This was supposed to be a short article on leadership parallels between the Catholic church and commerce. I'd hoped say a few erudite things about running a 'business' with 1.3 billion stakeholders and the types of leadership lessons you might impart on cardinals at business school. Instead I've been completely de-railed by a frenzied social media foray into Pope Benedict No. 16.
He is famously the first ever Pope to tweet. Apparently he likes the intellectual challenge of condensing God's words into 140 characters.
And on the day of his shock resignation, no surprises, he's been trending at No. 1 on Twitter.
But, what I found more surprising was that I've just counted nearly 150 Twitter profiles for Pope Benedict - many claiming to be his 'official' Twitter handle, although of course most are not.
Some of my personal favourite 'fakes' include:
@Faux_Pontifex - Welcome to the official fake page of His Holiness Pope Benedict XVI - Now taking tweeted confessions...
@IAmJoeRatzinger (the Pope's real name) - Theologian, faith healer, soothsayer, shepherd, potentate, CEO, infallible voice, humblest of men. I know when you've been sleeping; I know when you're awake.
There are a whole host of other laugh-out-loud imposters who I'd love to showcase for their dark wit, but fear backlash from the Christian Right. Check them out for yourself.
The Pope's actual 'official' Twitter has more than 1.5 million followers. Not bad for an 85 year old, although a rather paltry Twitter flock when compared to modern religious icons such as Justin Bieber (34 million followers), Barack Obama (27 million) or Britney Spears (24 million).
Also, another notable contrast, when I checked Google search volume for His Holiness it transpired that there are only 18,000 global exact monthly searches for 'Pope Benedict XVI', whereas the Almighty 'Justin Bieber' gets more than 6 million global exact searches a month.
I'm not sure where my moral compass points on "Bieber versus Benedict". Does Justin Bieber still uphold his 'No Sex Before Marriage' vow, or is this old news - I've lost track?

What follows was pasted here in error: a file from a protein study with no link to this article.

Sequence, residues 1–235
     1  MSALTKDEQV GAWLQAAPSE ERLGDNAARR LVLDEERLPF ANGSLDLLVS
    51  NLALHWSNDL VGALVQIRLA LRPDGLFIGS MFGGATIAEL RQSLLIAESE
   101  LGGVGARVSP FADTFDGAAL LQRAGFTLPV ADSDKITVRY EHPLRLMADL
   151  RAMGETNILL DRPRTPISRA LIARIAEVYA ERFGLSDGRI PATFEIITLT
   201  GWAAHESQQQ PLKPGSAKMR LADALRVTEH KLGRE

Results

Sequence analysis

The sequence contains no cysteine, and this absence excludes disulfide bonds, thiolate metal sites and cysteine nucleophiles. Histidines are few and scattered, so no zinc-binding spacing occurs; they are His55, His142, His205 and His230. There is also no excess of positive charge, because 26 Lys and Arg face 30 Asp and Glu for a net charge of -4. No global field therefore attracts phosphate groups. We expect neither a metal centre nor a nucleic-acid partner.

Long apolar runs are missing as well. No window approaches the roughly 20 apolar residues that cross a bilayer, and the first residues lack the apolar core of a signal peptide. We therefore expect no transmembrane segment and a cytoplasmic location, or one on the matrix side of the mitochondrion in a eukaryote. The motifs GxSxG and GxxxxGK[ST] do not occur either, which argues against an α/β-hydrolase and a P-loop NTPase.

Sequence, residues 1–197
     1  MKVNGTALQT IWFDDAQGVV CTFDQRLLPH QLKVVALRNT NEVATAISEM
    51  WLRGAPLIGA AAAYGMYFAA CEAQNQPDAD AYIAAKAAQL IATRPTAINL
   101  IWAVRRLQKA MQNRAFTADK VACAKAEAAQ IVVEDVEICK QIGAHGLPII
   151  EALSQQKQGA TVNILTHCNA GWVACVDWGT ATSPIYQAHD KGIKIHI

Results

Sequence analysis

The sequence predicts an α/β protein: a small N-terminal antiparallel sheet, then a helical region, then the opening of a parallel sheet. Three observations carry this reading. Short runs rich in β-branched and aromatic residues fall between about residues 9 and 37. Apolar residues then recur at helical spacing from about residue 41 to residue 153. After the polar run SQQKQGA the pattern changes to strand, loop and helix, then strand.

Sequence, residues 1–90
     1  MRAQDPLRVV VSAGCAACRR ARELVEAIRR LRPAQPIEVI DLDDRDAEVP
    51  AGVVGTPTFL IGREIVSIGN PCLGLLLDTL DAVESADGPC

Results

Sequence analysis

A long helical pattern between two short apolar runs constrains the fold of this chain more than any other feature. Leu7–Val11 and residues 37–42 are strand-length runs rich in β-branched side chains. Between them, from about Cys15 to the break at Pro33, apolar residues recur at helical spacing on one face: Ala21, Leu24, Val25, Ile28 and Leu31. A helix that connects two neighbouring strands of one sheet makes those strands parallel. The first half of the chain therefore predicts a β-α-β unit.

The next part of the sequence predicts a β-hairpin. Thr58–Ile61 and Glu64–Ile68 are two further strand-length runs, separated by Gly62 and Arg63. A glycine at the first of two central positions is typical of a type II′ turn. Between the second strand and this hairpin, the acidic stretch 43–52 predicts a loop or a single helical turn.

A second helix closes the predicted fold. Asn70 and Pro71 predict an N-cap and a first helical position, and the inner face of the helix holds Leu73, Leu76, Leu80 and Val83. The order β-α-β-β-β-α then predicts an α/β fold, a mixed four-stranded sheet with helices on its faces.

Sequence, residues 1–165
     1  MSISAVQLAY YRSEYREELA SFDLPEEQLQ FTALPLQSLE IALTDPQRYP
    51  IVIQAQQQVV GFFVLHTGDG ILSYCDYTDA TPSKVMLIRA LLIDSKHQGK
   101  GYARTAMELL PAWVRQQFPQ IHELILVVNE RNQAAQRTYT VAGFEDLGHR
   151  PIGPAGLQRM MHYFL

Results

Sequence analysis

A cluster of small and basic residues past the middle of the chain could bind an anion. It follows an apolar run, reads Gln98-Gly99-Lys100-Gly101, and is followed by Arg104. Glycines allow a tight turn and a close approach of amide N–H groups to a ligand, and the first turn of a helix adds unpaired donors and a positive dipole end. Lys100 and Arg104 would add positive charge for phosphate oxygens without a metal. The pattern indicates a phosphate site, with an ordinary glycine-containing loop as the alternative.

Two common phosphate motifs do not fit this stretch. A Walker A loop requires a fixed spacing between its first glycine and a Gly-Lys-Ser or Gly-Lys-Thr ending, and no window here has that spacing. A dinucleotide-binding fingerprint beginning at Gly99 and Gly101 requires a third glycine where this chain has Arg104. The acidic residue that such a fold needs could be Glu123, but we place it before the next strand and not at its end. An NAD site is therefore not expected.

I'm not religious and can't claim to know the first thing about whether Pope Benedict XVI has been a good leader or not, but like many other Gen X agnostics who occasionally watch the news, I can't help to have noticed the disarray of the Catholic church in recent years and the blight of sex scandals. Surely a man who was given the role of the Vatican's chief enforcer (in charge of errant priests) but omitted to take action despite increasing evidence of pedophilia, should be made to stand to account?
We've hauled Benedict's CEO banking counterparts through senate investigations and select committee hearings - will he too now be subject to 'Pinochet-style' law suits when he no longer has the immunity of being a 'head of state'. I wonder why Pope Benedict has managed to be so active on Twitter and yet so inactive on fundamental issues that have been tearing the church apart?
In purely practical terms it seems jolly sensible for the Pope to step down. A leadership writer for Forbes magazine, John Baldoni, put it nicely in his article today: "What is important to recognize is that when it is time, it is time and wise leaders always exit stage early, often to acclaim rather than to shame." The Catholic Church is the same size as China and an Octagenarian has been in power for eight years (the max for any US president) - maybe this is enough?
What's particularly exciting is that the front runner successor is a West African Cardinal - Peter Turkson. Wouldn't that be a positive reflection on modernism, to have a black Pope for the first time in the history of the Vatican? On the subject of his possible promotion, Cardinal Turkson has said: "if God so wishes then his wishes will be done".
It doesn't seem that the Cardinal has set up his own Twitter account yet, but he needs to get moving - in the time that I've written this story I've noticed two unofficial Twitter handles mystically appear for Pope No. 17 - maybe it is God's will? Or maybe Bieber can provide some advice on how it's done.
You can read other leadership lessons on BusinessBecause, such as Leadership Lessons from Barack Obama or Leadership Lessons from the Kind of Jordan. Remember to register on BusinessBecause to be part of the world's first business school network, with fresh daily b-school news, jobs and updates!